08/06/2011 © Miami Herald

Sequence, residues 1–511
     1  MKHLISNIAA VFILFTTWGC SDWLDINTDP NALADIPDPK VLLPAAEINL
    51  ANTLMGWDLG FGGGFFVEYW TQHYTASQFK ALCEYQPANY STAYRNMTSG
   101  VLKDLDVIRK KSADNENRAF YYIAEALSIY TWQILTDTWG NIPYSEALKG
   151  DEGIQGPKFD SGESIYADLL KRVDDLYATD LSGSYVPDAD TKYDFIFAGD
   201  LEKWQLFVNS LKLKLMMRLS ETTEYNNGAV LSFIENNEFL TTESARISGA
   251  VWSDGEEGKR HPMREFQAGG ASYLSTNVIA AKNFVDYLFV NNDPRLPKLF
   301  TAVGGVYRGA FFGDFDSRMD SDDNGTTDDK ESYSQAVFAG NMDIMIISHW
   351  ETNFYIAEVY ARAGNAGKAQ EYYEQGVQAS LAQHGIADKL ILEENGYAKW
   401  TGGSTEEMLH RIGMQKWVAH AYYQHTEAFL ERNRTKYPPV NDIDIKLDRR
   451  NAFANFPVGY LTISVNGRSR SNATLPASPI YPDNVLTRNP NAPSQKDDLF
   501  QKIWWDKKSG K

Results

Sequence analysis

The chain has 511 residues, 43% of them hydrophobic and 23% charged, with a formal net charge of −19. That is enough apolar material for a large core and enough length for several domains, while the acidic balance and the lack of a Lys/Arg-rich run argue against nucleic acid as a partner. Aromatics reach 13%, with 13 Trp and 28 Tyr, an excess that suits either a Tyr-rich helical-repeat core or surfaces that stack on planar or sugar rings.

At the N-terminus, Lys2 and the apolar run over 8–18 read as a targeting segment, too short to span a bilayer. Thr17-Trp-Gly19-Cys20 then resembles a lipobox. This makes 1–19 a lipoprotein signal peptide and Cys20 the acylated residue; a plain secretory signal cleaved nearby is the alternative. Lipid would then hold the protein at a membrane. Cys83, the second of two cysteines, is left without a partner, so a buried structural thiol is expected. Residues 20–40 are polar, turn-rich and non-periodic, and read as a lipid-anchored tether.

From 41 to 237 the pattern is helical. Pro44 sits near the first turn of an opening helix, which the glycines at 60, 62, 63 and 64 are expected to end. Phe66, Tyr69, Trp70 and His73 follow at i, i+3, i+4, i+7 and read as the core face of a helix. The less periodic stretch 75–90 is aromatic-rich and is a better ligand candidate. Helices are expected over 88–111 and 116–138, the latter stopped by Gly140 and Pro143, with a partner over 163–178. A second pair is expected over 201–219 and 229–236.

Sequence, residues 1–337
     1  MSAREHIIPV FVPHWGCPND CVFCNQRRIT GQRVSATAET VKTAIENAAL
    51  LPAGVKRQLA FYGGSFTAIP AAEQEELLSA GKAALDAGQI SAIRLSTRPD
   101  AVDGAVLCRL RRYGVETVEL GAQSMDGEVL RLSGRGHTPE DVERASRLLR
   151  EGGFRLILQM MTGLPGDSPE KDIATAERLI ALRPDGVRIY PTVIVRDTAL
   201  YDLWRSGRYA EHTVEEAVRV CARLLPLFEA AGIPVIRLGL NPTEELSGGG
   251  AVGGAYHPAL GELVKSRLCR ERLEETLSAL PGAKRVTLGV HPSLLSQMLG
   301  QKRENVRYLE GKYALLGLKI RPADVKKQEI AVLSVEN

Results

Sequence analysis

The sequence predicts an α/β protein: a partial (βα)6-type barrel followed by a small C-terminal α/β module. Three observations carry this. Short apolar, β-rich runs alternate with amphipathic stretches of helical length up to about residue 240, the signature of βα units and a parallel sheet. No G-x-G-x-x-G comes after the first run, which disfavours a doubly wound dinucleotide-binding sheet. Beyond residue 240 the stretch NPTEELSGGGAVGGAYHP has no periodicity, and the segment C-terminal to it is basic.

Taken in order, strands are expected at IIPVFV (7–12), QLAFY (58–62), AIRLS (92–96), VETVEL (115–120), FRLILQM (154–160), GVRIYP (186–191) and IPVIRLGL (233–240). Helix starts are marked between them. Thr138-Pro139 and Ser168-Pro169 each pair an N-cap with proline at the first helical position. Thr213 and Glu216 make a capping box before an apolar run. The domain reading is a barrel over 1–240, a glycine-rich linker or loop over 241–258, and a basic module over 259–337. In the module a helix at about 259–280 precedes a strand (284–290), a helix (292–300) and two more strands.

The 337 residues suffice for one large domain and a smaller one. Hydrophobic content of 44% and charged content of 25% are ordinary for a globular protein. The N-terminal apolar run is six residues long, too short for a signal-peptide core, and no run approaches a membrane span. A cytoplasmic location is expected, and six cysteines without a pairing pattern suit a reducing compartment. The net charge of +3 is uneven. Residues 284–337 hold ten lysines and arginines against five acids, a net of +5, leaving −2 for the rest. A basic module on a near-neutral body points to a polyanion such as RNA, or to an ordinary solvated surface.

There’s a new contender for the most-used verb in America: cut. Cutting the federal deficit was the basis of the raging congressional debate that just ended. It was the centerpiece of many actions taken by the Florida Legislature during its recent session. It’s also a word on the lips of many corporate executives, and many of us as we tighten our own personal spending. Talking about cuts is an easy way to capture the mood of the times, and everyone supports doing what it takes to get the economy back on a more even keel. But we have to ask ourselves: Will these cuts destroy something much greater, like our fundamental values and freedoms? What if budget cuts eliminate our access to justice overseen by fair and impartial courts? Why would we jeopardize what makes our system of justice great? As more budget cuts loom on the horizon, we must say No to further court and legal aid funding reductions. There’s a fundamental problem today that threatens the courts at every level. Our judiciary is viewed as simply another line item in the budget rather than the third, co-equal branch of government charged by the Constitution with protecting our freedoms. Our courts are not like another road project, or government agency. They are the foundation of our freedom. They are the protectors of the basic promise made by our Founders that we all have the right to life, liberty and the pursuit of happiness. Those are promises worth protecting, and adequately funding. What’s worse is that courts are already being strangled by anemic budgets, leading to case delays, judicial vacancies, courtroom closures and service cuts. This threatens every person’s ability to seek court protection and redress. It returns us to a time when we were forced to live by the rule of the jungle and not the rule of law. To all of us, this is unacceptable. And to me, having lived in Cuba in the late 1950s and having witnessed this creeping threat that weakened the judicial system there, I find it deeply unsettling. What’s also very worrisome is that another crucial part of the justice system is under threat: basic legal advice and aid to poor and working class Americans via legal aid providers. Money from the Legal Services Corporation helps disaster victims handle health and life insurance claims, veterans settle housing disputes and the elderly get the benefits they are owed. Despite handling almost a million cases a year with an already meager budget, Legal services funding is under the cost-savings axe. LSC is more overworked than ever with requests for aid due to high unemployment numbers and the “new poor” created by the recession and housing bust. But its big mission and small budget may not protect it. The House is considering a dramatic cut to LSC funding that would erase more than a quarter of its entire budget, bringing LSC down to its lowest funding level in more than a decade. This is frightening. Already, it is estimated that current legal aid budgets allow only about half of those who seek legal aid to actually get it. Less money will mean hundreds of thousands more people who have nowhere to go when they most need legal advice. A new round of cuts would decimate what access people have to help with child support, custody issues or foreclosure prevention. It must not happen.In the weeks and months ahead, the American people and those we elected to represent us will have serious conversations about the size, shape and funding of our government. And naturally, there will be differing opinions. But on the issue of protecting our fundamental liberties, freedoms, rights and values by protecting our courts and legal aid, there should — and must — be complete support. Stephen N. Zack is president of the American Bar Association. He lives in Miami Beach.